Today I’m going to try to put a full Molly Gordon e-zine script here (which usually messes up my html for some reason so after I paste it I have to leave everything alone and hope it all goes through) because, while she is writing about being a coach, she is also writing about selling….in our case about selling art, which is much like selling yourself as a coach. She talks about getting past the resistance I feel and I hear so many others of you feel and her process is right on. So no thought for the day today because I don’t think it’ll work. Here’s Molly:
In response to last week’s article, "Why your elevator speech makes people tune out," reader Jim Mitten wrote:
I have a customer that is working on his elevator speech…. He is memorizing it and working on getting the "ums" and "uhs" out of it.
His biggest problem now is what you mentioned in your article — establishing the connection with the lawyer first. You didn’t mention in the article any methods for establishing this connection. Do you have any recommendations?
Jim, who is a coach, then listed some of things he’d suggested to his client, whom I’m going to call "Bob," for clarity:
- Use a small give-away, such as a legal pad with the client’s contact info on it, to break the ice.
- Produce a simple information give-away that showcases the client’s skill or knowledge base, for example, a note-card listing ways to eliminate stress.
- Start a conversation by asking a lawyer if s/he is working on a personal injury case.
These are good suggestions, yet Bob still balks. Jim explains,
He "doesn’t want to bother them if they are busy" or "feels awkward talking to strangers" or "feels that just waiting to make eye contact" is enough.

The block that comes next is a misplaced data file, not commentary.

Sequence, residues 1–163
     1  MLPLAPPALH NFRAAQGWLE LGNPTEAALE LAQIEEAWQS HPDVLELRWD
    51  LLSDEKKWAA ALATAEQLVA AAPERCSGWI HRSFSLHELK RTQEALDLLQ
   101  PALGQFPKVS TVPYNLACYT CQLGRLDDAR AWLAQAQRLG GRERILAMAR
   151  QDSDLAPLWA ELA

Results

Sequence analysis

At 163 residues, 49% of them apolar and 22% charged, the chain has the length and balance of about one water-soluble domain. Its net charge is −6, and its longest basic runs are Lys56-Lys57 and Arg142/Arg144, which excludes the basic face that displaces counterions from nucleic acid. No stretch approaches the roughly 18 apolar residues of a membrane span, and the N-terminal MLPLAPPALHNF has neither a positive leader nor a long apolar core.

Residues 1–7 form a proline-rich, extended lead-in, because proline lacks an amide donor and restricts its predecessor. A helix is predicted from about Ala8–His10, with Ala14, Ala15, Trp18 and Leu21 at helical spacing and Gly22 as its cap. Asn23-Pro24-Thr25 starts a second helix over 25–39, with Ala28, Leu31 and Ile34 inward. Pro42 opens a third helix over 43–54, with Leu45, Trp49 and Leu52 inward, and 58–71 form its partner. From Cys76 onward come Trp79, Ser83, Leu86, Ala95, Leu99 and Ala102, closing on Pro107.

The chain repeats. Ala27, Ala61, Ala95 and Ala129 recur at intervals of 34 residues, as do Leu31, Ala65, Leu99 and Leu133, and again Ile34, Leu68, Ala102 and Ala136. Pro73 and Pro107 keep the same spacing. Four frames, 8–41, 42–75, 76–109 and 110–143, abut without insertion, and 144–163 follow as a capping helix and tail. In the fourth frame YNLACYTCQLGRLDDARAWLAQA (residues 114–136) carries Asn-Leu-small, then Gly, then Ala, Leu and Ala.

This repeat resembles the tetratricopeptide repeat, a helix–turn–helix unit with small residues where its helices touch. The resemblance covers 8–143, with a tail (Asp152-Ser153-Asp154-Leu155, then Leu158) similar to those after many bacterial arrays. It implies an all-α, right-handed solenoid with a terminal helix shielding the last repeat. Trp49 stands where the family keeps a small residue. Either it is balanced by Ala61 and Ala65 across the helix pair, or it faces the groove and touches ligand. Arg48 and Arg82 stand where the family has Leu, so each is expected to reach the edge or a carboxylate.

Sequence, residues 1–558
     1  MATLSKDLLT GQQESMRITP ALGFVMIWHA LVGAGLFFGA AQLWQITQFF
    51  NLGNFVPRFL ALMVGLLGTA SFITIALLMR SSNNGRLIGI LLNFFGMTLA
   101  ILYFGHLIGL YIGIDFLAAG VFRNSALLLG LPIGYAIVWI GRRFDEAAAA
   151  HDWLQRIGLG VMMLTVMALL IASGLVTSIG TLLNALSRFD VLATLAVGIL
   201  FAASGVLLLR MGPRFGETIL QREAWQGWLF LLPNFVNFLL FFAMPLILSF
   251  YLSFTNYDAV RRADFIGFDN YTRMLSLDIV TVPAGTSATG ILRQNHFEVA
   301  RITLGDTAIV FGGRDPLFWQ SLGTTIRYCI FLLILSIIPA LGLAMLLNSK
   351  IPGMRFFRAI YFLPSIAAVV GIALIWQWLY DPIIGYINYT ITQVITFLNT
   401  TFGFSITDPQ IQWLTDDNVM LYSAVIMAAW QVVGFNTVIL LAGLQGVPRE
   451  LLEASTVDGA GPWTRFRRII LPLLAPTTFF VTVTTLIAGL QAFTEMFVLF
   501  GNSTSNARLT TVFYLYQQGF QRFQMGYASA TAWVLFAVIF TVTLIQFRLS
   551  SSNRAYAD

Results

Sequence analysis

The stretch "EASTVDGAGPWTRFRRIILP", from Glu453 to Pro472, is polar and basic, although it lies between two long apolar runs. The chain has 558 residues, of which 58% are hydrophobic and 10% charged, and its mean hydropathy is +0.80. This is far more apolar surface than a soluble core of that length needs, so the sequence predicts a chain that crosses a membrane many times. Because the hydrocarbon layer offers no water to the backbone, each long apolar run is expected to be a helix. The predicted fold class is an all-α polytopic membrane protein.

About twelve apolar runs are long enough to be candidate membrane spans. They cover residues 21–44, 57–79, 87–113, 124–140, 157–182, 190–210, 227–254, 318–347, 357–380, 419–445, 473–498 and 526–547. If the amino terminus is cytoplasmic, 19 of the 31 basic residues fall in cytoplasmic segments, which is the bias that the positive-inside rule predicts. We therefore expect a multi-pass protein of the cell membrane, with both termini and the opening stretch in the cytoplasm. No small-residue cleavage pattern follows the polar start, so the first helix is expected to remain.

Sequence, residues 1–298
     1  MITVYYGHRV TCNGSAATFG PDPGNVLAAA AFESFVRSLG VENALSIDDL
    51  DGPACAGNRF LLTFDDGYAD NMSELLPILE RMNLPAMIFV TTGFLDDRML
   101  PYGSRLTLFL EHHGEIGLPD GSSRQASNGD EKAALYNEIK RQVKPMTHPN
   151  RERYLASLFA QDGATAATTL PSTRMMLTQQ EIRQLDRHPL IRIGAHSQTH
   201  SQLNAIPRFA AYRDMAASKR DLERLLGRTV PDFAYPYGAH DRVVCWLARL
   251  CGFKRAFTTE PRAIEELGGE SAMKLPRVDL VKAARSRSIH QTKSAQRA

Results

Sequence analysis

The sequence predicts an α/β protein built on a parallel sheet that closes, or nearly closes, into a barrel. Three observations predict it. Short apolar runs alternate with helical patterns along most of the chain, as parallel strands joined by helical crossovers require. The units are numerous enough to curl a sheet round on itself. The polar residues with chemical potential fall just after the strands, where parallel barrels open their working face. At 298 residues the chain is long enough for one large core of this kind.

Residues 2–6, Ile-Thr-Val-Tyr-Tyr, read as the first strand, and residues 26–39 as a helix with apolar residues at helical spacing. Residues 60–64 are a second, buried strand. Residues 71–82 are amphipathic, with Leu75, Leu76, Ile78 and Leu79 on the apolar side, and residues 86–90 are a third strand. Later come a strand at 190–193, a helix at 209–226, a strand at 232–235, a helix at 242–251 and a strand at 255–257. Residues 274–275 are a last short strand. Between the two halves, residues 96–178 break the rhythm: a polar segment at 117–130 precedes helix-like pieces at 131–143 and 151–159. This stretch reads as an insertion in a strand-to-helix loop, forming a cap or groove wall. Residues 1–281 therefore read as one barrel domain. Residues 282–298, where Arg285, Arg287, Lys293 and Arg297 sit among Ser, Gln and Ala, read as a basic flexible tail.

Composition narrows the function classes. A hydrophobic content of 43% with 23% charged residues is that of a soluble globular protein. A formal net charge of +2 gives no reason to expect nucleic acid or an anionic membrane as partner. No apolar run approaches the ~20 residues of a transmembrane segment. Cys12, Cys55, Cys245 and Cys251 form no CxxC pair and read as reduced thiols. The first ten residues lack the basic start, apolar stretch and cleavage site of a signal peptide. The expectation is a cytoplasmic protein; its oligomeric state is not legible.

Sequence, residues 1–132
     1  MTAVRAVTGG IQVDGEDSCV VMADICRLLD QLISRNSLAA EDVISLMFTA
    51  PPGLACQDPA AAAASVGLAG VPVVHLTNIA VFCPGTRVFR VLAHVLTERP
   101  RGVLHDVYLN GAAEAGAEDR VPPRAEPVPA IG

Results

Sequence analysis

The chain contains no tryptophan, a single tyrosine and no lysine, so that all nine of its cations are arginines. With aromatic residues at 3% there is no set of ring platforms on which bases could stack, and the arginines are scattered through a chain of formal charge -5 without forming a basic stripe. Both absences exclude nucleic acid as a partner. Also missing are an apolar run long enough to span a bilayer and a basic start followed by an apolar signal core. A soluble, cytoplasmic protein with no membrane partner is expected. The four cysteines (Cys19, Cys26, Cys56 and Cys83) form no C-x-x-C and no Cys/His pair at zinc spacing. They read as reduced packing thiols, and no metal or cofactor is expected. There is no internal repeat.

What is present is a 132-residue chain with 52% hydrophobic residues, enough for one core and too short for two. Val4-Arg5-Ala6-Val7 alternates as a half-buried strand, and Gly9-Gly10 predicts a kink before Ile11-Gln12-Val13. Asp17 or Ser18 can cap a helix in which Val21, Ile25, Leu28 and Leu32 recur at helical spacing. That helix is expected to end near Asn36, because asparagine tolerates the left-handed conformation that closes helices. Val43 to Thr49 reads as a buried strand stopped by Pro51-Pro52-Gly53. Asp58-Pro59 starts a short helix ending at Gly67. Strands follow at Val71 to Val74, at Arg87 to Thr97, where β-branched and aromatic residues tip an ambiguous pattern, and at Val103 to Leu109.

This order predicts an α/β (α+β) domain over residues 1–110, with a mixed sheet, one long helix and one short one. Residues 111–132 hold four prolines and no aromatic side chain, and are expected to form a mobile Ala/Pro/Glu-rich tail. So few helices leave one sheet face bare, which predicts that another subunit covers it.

Obviously, soemthing else needs to happen before Bob can implement Jim’s suggestions. Bob needs a reason to approach the other person, and "getting a client" is not enough."
Bob needs to connect, first, and that’s a good thing.
Why it can be so hard to connect
Whether you’re talking on the phone, making love, or playing catch, the moment you are distracted, you lose connection. Even if the other person doesn’t notice that you’ve gone away, you do.
When you feel vulnerable, you may even welcome distraction because it keeps you in your comfort zone. You might hate yourself for not moving forward, but the gravitational pull of safety is stronger than the desire for action.
And let’s face it. You’re pretty vulnerable when approaching a prospect about doing business? Even if you have an engraved invitation to talk about your work, you may feel shy and hesitant.
It’s no wonder it’s hard to connect.
Intention => Attention => Connection
It takes take preparation and practice to counteract distraction so you can make an authentic connection with prospects.
The first step is to establish an intention. (By the way, your intention is not "to get business." If that worked, you wouldn’t be reading this article.)
The second step is to fix your attention on the immediate value in the process and not on the future outcome. In other words, focus on your intention and let go of the result.
The third step is to connect. Believe it or not, that’s the easy part.
Intention, or "Let’s pretend you’re a good person"
I don’t know about you, but I can slip into a clammy, jaded, dissociated state when I’m faced with promoting my work. For some reason, it starts to feel downright phony to claim that I care about the people I serve.